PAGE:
I'm writing some code, in which a class defines a few nested classes (to keep things neater and grouped by purpose). I want the nested classes to use the attribute of the enclosing class (see below). This attribute would provide a default value that is set on top of the enclosing class and not a 'magic number'.
class Progress_indicator: #use this attribute to provide a default value number_of_dots=5 class Dots: #the attribute above provides a default value here: def __init__(self, number = Progress_indicator.number_of_dots): self._current=0 self._number_of_dots=number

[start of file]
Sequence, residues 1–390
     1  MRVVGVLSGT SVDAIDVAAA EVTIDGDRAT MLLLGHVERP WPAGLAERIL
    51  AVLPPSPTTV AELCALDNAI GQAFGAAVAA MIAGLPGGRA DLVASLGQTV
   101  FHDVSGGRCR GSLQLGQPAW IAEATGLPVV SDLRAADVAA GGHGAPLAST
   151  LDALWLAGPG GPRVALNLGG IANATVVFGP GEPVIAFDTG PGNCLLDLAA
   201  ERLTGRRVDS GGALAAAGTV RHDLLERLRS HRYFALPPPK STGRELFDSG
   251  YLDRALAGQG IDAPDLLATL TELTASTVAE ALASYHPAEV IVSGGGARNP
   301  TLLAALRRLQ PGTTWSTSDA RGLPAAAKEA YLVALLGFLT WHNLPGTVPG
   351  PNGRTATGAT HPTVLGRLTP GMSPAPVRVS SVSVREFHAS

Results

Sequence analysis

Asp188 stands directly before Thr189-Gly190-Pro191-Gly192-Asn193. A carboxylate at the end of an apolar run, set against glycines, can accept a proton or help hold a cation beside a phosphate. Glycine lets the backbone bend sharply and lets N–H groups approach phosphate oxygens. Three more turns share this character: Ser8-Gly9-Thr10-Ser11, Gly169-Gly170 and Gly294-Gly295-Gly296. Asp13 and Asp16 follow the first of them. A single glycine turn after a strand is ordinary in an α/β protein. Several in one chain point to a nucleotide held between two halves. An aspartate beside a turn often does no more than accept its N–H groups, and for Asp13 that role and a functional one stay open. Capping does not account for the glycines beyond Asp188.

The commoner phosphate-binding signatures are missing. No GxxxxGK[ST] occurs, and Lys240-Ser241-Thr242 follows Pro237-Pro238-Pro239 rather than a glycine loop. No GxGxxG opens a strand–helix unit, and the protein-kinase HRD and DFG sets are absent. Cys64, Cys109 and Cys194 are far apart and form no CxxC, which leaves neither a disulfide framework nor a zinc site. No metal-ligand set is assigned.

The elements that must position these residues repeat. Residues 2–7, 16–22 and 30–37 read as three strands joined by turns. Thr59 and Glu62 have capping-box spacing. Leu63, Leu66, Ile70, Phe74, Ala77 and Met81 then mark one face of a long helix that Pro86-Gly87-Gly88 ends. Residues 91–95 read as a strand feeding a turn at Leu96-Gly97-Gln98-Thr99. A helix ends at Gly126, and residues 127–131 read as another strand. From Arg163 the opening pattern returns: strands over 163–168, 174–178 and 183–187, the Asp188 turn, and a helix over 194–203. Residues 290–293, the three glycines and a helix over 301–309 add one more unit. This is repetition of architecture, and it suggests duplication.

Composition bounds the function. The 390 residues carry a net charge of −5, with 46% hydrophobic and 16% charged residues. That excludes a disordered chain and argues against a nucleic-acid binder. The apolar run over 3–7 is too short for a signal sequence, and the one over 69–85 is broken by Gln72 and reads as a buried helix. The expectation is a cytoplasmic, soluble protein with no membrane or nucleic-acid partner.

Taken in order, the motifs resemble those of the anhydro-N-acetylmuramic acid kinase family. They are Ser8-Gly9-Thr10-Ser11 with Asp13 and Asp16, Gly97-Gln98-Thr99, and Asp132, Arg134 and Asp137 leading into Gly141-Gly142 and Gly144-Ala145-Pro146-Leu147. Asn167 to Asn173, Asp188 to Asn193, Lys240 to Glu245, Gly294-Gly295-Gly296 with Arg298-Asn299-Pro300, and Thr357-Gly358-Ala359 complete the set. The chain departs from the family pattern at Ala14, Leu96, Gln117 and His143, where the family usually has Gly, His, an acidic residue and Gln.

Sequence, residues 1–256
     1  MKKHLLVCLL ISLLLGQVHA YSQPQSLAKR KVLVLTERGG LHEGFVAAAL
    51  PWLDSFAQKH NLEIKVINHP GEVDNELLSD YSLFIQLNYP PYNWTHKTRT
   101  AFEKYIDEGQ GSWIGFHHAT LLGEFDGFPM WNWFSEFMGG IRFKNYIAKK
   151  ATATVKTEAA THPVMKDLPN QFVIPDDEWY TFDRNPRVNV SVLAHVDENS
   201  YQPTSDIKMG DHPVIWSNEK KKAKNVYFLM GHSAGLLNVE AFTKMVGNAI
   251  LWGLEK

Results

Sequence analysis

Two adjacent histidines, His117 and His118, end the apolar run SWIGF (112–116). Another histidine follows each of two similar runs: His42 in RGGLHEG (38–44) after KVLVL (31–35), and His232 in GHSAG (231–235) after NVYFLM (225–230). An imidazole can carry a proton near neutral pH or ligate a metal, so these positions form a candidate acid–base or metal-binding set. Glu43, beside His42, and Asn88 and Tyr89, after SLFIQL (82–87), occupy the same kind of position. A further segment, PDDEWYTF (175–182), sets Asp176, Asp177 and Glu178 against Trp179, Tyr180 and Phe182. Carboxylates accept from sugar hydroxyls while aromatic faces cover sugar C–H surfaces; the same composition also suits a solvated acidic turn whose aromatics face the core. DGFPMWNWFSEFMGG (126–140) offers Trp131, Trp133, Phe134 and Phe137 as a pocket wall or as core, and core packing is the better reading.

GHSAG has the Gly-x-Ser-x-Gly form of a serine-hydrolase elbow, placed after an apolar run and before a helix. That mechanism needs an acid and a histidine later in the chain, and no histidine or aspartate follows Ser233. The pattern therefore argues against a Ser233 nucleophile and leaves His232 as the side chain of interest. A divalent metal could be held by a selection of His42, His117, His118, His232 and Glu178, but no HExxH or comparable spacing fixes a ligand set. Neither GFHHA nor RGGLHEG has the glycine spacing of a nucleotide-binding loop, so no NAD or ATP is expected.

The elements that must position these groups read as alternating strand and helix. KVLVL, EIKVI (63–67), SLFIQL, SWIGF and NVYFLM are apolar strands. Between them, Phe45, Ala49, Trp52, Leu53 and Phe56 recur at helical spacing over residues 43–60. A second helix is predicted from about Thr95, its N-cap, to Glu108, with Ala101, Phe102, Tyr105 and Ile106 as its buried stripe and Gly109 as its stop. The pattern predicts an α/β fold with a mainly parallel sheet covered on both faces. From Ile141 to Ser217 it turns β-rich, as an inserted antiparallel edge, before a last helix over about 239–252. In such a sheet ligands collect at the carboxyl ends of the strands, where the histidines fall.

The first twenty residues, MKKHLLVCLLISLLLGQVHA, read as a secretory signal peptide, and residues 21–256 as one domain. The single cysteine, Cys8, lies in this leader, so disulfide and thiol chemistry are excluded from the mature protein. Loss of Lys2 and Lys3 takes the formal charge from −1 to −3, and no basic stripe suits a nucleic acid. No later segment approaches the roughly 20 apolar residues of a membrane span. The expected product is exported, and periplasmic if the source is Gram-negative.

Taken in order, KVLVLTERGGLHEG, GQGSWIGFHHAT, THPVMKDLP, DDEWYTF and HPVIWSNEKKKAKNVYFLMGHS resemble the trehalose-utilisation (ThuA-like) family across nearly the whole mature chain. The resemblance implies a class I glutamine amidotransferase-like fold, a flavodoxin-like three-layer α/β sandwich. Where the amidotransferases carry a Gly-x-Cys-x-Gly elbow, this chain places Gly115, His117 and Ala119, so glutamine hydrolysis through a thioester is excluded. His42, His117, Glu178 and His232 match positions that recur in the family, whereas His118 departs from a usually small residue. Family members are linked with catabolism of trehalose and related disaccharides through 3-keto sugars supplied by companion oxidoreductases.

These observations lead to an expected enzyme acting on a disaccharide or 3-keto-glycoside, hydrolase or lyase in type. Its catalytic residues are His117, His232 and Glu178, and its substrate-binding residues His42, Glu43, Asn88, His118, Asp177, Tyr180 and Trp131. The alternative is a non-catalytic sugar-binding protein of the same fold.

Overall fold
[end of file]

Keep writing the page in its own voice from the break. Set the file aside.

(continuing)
Now, when the above code is run I get:
NameError: name 'Progress_indicator' is not defined
from the line containing
I understand that this is due to python defining a namespace as it sees a class declaration but actually assigning that namespace to a name (Progress_indicator in this case) after the full class declaration is processed (i.e. the indented block of code is left). Redefining
__init__ to use
self.number_of_dots instead of
Progress_indicator.number_of_dots generates the same error (as there is no inheritance here). All references I tried (books, and lots of web) suggest that the above should work. But it doesn't. Is there a neat way of accessing the attribute defined in the enclosing class to provide a default value for a function parameter as above?
I'm using python3.2.